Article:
Don’t Lower Your Homes Value With These Improvements
Is it really true that some improvements could lower your home’s value? How can that be possible?
When you want to add value to your home, making improvements seems like the most obvious answer. After all, you can make improvements right now—you don’t have to sit around and wait for the market to turn in your favor.
But too often homeowners get excited about making improvements and move forward with renovations without verifying that those renovations will add value to their home.
In fact, some renovations may hurt your home value.
How can an “improvement” hurt your home value? Well, there are a few ways. First, the work you do on the home could literally lower your home’s value—as in making it less desirable than it was before the renovation.
For instance, if you were to eliminate a bedroom to enlarge the master bedroom, it could possibly lower the value. Buyers like extra bedrooms, and would generally prefer more rather than an unusually large master bedroom. Going from a four bedroom home down to a three bedroom is not wise.
Second, the work you do could cost more than you will get back in your sale. If you spend $20,000 on a home improvement, but your home sells for only $10,000 more, then you lost $10,000 by making the improvement.
So, before you call the contractor or break out your toolbox, learn about the renovations that are more likely to hurt than improve the value of your property. You can expect that these so-called improvements will probably bring you back less than you spend on them.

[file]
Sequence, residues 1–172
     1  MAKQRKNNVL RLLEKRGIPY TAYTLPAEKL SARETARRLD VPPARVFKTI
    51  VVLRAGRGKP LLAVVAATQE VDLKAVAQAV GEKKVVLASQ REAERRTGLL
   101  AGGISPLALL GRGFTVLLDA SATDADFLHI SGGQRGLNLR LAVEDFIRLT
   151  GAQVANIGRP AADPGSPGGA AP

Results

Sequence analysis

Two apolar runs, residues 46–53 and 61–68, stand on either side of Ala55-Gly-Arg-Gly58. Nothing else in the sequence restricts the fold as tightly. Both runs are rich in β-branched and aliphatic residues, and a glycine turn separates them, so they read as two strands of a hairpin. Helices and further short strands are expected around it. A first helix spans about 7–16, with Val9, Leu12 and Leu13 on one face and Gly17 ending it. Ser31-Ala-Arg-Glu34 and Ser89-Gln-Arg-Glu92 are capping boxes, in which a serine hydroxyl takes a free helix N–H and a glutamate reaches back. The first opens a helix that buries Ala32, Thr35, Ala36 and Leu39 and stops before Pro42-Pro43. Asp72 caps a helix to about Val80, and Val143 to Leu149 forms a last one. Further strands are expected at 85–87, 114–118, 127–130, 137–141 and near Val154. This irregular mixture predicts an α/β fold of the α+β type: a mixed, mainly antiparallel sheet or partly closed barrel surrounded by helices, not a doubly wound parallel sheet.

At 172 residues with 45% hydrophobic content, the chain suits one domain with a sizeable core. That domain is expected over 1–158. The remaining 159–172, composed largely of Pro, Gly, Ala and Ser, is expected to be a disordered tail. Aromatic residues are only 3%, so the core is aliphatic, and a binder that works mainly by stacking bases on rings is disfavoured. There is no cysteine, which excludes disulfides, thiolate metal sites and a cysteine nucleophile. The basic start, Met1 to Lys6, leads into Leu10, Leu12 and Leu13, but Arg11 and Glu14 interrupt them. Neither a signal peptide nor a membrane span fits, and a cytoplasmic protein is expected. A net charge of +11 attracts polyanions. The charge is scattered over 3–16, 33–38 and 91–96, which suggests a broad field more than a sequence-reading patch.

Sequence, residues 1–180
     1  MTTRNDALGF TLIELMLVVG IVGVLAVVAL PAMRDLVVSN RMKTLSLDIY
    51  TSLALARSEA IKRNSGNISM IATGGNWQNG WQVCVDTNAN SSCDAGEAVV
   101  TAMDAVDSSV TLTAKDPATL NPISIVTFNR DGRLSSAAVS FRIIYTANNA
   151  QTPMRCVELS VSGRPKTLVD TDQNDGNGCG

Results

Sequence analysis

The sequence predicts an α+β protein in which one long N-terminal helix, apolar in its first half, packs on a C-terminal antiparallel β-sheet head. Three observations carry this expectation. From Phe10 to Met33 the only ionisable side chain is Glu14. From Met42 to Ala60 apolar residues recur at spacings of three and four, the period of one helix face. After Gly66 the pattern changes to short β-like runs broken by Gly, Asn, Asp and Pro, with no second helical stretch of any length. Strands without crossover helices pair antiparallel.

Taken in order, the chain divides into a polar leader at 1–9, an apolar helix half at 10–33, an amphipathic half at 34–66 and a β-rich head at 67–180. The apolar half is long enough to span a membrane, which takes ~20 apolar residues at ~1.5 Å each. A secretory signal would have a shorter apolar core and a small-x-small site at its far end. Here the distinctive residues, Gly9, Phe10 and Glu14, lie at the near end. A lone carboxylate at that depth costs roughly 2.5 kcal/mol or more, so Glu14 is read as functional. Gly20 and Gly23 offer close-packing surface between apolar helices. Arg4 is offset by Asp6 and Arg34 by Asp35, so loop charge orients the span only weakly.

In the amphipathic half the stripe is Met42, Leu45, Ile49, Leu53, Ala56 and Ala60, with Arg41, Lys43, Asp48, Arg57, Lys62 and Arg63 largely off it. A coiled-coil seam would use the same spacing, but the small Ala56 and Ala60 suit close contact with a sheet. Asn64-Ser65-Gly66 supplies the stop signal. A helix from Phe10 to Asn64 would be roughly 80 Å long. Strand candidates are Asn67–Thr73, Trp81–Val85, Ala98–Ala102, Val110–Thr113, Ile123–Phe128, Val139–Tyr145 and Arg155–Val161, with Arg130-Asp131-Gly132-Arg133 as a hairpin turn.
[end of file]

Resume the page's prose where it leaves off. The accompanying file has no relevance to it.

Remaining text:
Take a look at the twenty home improvements that could reduce your house value. All of these things have a low return or no return on investment.
20 Home Improvements that May Hurt Home Value
1. Wallpapering rooms in your home
You might have heard that wallpaper is coming back. Yippee, you think to yourself. NOT when it comes to selling a home. Wallpaper has been and always will be a very personal choice. Whenever you make a home ultra-personalized, it’s going to be harder to sell.
Don’t bet on the fact that there will be buyers that love your wallpaper. The odds of that happening are slim. Now if you only have a room or two with wallpaper that might not be the end of the world. If you have more wallpaper than that, expect selling your home to be difficult.